Differences Between Ranking in Google and Bing

When marketers talk about SEO, their focus is almost always on Google’s search engine. There is a good reason for this. Google accounts for more than 85% of all online web searches, while Bing comes in around 7%, meaning that the majority of your customers will be reaching your site via Google.

But 7% of Bing searchers is still significant and considering the different demographic that uses Bing, many of your potential customers might come from that search engine. This makes it worthwhile to understand how the two search engines differ and what strategies you can use to keep your website at the top of search results on both. 

Which Users Search on Bing

Bing is Microsoft’s search engine, so it is the default search engine on Microsoft products, including PCs and Xboxes. It is also the default search engine for Amazon Alexa searches and the Cortana assistant. Bing also provides the framework for searches through a number of other companies, including Yahoo MSN, AOL, and DuckDuckGo. 

These platforms contribute to the average age of a Bing user being older than that of a Google user, which also often means that those using Bing have more money to spend on products and services, making it valuable to rank well on both search engines. 

How to Improve Your Bing Search Result Ranking

The good news is that both Google and Bing use very similar algorithms for their search results. If you have already been focusing on what you need to rank well in Google, SEO for Bing will not be a significant challenge. In fact, your website may already show up at the top of Bing searches.

If you notice a significant difference between your Google and Bing results, here are some strategies you can use to make your site more attractive to the Bing search engine:

  • Specify Keywords – Keywords remain important in Bing searches as they do with Google. However, Bing is still catching up in terms of understanding implicit and related search results. This means that it still gives higher weight to exact keyword matches. For this reason, you want to be sure that you are using the keywords you expect your site visitors to search throughout your content, although without ever keyword stuffing as this practice will hurt you with both Google and Bing.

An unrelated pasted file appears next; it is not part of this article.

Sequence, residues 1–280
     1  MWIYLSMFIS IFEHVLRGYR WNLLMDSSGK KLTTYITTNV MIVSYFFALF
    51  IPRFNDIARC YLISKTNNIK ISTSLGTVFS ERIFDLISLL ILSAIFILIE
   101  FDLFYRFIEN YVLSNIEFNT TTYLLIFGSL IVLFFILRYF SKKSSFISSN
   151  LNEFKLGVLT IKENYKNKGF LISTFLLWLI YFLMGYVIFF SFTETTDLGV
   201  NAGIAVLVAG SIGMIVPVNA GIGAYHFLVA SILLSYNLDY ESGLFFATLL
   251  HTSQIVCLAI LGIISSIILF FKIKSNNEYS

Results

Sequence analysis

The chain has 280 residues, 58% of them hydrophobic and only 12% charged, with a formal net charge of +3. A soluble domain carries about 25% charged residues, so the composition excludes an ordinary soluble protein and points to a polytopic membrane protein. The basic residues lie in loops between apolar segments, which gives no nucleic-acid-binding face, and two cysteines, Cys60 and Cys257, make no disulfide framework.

• Social Media – Bing puts significant weight on your social media influence, unlike Google. If you have significant engagement on Facebook, Instagram, Twitter, and other relevant social media, your site will also rank better in a Bing search.
  • Backlinks – Both Google and Bing like backlinks, but Bing prefers to see a small number of very high quality links. Bing also likes internal links that connect various pages on your website.
  • Visual Content – Bing has long led indexing of visual content like photos and videos, surpassing Google which prefers more text based sites. This makes it important to have high quality photos and videos on your site that are optimized for fast load times on the web.
  • Website Crawling and Indexing – Google has the resources to frequently crawl and index web pages, identifying your website changes earlier and putting them into effect in terms of your SEO ranking sooner. Bing’s automatic crawling tends to be more infrequent, so it can be useful after any major changes to your site to submit a sitemap to Bing or to bulk request that Bing reindex any changed pages.

The one primary thing that both of these search engines have in common is that they look for high quality content. Both want to provide a good experience for their users by sending them to websites that will have valuable information. For this reason, it is important to continuously add informative, new content to your website.

Great Leap Studios can assist you in creating optimized content for both Google and Bing to help your small business website stand out to customers wherever they are searching for you. Learn more about our content marketing strategies and how they can help your business when you contact us.